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Matthew Troutman wrote
>Actually, I think that Pete decided that therizinosaurs are 
>bullatosaurian ornithomimid relatives, [...]
        Ok, I'm feeling a little left out here. George and I have been very
good boys and not cluttered the list with our "oviraptorsaur" versus "no way
they're theropods" threads for a long time, and this is what we get for it?
I think we've put in enough time for at least an honorable mention. :)

>The most recent, thorough analysis of this idea was Sues' 1997 _JVP_ 17:4 
>description of _Chirostenotes_.  However, I think that the analysis was very 
>flawed because of its poor coding, retention of function-related characters, 
>and characters that are found in few members of a taxon.
        I would be interested in your line-item appraisal of the dataset. As
for function-related characters, as long as they do not overweight a
function (e.g. four characters describing bipedality), there's nothing wrong
with them. A good way to test for overweighting is to see if characters
seemingly related to each other always occur with the same character states
in the same taxon. If they do, they may be linked. However, there is nothing
wrong with function-related characters in and of themselves.
        Characters found in too few members of a taxon? What's wrong with
this? Do you mean lots of "?"s in the dataset, or only a few "1"s? either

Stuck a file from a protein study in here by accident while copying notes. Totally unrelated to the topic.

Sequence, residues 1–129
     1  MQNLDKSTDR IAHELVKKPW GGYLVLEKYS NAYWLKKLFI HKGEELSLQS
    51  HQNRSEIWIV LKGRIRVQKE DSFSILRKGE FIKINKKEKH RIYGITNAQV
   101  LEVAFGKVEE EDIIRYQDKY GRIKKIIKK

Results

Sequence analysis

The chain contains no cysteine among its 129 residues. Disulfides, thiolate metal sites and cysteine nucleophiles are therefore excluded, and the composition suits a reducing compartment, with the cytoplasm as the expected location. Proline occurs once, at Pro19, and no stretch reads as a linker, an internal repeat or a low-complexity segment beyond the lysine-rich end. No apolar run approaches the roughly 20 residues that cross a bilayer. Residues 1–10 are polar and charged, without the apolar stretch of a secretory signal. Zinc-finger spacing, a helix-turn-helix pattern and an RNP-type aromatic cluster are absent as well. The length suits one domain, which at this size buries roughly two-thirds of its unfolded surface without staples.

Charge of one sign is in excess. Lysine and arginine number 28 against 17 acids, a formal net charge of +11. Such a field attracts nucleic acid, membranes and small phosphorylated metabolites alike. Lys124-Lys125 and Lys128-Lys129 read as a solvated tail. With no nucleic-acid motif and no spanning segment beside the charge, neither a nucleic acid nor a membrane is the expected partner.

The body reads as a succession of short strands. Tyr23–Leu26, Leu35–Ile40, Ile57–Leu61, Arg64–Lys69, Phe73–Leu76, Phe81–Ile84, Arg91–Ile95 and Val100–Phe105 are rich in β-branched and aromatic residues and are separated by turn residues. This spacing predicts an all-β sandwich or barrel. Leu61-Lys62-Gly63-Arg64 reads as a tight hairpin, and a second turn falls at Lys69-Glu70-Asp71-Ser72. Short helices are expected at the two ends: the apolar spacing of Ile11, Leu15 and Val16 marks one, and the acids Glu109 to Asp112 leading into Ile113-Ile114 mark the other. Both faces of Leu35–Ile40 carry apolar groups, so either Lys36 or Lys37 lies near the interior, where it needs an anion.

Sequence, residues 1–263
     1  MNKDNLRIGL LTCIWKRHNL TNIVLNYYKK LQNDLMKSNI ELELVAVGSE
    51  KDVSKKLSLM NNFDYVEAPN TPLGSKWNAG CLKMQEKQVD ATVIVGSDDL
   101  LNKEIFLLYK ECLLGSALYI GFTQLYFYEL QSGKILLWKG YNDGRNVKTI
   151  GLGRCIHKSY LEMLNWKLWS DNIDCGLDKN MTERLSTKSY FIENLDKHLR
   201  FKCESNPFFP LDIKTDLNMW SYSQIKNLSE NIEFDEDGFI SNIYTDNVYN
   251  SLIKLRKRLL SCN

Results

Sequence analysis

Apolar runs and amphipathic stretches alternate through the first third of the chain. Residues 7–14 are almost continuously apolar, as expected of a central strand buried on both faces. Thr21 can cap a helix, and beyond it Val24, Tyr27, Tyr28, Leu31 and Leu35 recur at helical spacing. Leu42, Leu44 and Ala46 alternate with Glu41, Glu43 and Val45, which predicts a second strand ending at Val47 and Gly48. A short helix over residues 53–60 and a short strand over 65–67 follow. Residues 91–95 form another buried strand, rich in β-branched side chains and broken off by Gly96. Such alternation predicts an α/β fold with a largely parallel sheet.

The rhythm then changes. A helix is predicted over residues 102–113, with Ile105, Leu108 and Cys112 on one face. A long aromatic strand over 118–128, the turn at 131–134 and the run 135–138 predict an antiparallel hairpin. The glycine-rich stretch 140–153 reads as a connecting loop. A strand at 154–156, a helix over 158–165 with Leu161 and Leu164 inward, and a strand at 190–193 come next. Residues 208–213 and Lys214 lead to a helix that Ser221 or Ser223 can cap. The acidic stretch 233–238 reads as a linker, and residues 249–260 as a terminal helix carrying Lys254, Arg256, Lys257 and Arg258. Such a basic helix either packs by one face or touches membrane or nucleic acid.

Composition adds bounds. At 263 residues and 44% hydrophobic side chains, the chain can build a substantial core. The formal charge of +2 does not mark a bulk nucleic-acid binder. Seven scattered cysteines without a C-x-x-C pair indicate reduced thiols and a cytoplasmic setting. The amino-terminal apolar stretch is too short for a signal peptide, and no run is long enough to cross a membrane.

way, it hardly matters. Data are data, as long as they aren't autapomorphies...

>(The analysis also found Dromaeosauridae and Troodontidae sister-groups, 
>something that I think makes the cladogram suspect).
        Because we all KNOW that they aren't after all...
        Dr. Holtz is a smart guy, and I like his work, but personally I am
not going to go badmouthing somebody's analysis just because it doesn't
agree with Holtz 1994(a)! There is some evidence to support this tree
topology, you know... something about a hyperextendable digit II... :)

>I still stick by the position that therizinosaurs are ornithomimid relatives 
>based mainly on the braincase features (the inflated parabasiphenoid for one). 
        It is not a difficult position to defend, after all. :)

Peter Buchholz wrote:
>To date, no cladistic analysis has shown that therizinosaurs do NOT fall
        I know George will say this, so I think I'll try to beat him to the
punch: has there been a cladistic analysis designed specifically to test
this assignment?

>I do not wish to have this become a debate between George, Tracy, Jon
>(Wagner), and I. 
        There! Finally, some credit for the scrapes and hard feelings... ;)
>Jon Wagner still apparently thinks my name is spelled with a T
        Aw jeez! I haven't misspelled the boy's name in four months, but he
has to go dragging this up again. Fer cryin' out loud Pete, don't you have
some obscure asian hypsilophodont to read about?

>I had previously spoken to Jaime privately about the posibility that perhaps
>oviraptors and therizinosaurs were sister groups within the Ornithomimosauria.
        As a quick aside, basal maniraptorform phylogeny is in such flux
that it is probably best represented by a trichotomy of Maniraptora,
Ornithomimisauria, Troodontidae, Tyrannosauridae, Therizinosauroidea, and
Oviraptorsauria (did I forget anybody?). Mix and match to your heart's
content, and wait for the next Holtz monograph... hopefully it'll be out
before the next Star Wars movie (nice safe time fram for you there...).

>There are a lot of weird features of the basal ornithomimosaur that suggest
        *Which* basal ornithomimisaur?

BTW: Thanks to whomever dug up the Oviraptorsauria definition...
    Jonathan R. Wagner, Dept. of Geosciences, TTU, Lubbock, TX 79409-1053
                    "...To fight legends." - Kosh Naranek